Investing In Bonds

Chapter 1: Investing In Bonds
Chapter 2: Risks Associated With Investing In Bonds
Chapter 3: Where To Invest In Bonds

A bond is an IOU issued by governments, companies or other financial organizations against the money you lend them. While buying stock in a company makes you part-owner of the company, buying bonds makes you a creditor. Investing in bonds is considered an important part of creating a diverse portfolio for long-term gains.

How Do Bonds Work?

When you buy a bond from the government or a company, you are loaning them a certain amount for which they will pay you an interest or ‘coupon’. The interest is paid every year and the principal amount is returned to you at the end of the bond duration. The value of the bond at the time of purchase, known as the Par Value, is what you receive at the maturity of the bond.

Benefits of Investing in Bonds

Although they bring lesser returns when compared to stocks, bonds are more stable and safer than stocks. Here are a few other benefits of investing in bonds:

  • Invest with smaller amounts – Bonds are available in denominations as small as $50, making them affordable even for people with a small income.

  • Double your investment – You can purchase the series EE bond issued by the US government for half its value and get the full face value amount at maturity, doubling your investment.

  • Secure investment – Bonds issued by the government are secure as they are guaranteed by the Federal Government.

  • Tax exemption – Interest earned on many bonds is excluded from state and Federal taxes if it’s used for certain specified expenses like college tuition.

Types of bonds

Following is a list of the different types of bonds issued by government organizations and private companies.

  • Government Bonds – The US government bonds are the safest form of investment because the interest and the principal are guaranteed by the Federal government.

  • Treasury Bonds – Issued by the treasury department of the US government, treasury bonds are available in the denominations of $1,000 and earn an interest every six months.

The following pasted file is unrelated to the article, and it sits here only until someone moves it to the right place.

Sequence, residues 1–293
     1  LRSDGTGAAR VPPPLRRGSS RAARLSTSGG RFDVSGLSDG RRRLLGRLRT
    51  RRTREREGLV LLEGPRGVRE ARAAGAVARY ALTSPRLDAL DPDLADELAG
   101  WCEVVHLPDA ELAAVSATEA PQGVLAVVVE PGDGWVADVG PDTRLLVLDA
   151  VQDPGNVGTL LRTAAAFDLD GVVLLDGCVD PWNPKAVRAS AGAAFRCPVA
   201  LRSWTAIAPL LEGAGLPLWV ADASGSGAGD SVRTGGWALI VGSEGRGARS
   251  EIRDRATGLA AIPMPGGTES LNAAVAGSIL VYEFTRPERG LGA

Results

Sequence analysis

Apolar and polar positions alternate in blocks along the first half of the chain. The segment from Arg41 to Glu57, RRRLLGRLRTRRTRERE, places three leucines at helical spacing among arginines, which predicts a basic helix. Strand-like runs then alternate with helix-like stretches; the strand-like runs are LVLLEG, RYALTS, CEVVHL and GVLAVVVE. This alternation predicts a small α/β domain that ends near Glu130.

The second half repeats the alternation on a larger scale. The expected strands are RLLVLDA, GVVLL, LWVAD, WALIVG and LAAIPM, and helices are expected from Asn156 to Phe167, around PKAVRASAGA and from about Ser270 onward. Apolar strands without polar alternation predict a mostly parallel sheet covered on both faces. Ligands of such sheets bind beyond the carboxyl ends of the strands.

• Zero-coupon bonds – Also known as “strips” or “zeroes”, these bonds are also issued by the treasury department at a highly discounted price and come with a duration ranging from six months to 30 years.

  • US savings bonds – The US savings bonds are the safest investments to put your money in. Issued by the Federal government, these bonds are excluded from your taxable income. The Series I bonds, which are inflation indexed treasuries, have an interest rate linked to inflation and allow your bond to keep pace with price rise.

  • Municipal bonds – A favorite with a lot of investors, municipal bonds or munis are offered by the municipalities or the local governments. Available in a minimum denomination of $5,000, these bonds are available for a period of one year to 30 or 40 years.

  • Corporate bonds – Issued by companies and other non government organizations, these bonds pay an interest that is taxable. They are issued in $1,000 denominations and have duration between one and twenty years. These bonds come with a risk factor as the returns depend on the credibility of the company issuing them.

  • Foreign Bonds – A foreign bond, issued by a foreign entity in foreign currency denominations, can be traded in both local and foreign markets. These bonds carry a potential risk due to fluctuating currency exchange rates.

  • Junk Bonds – Bonds that are rated ‘BB’ or lower because of their high default risk are called junk bonds. These bonds offer at least 3-4 percent higher interest rate when compared to the other bonds, but can be quite risky.

Bond Term

The bond term determines how soon you can get your returns and it also has an effect on the interest rate that the bond offers. You can decide to go for a long-term or a short-term bond depending on the returns you expect and when you will need the money.

Next Chapter: Risks Associated With Investing In Bonds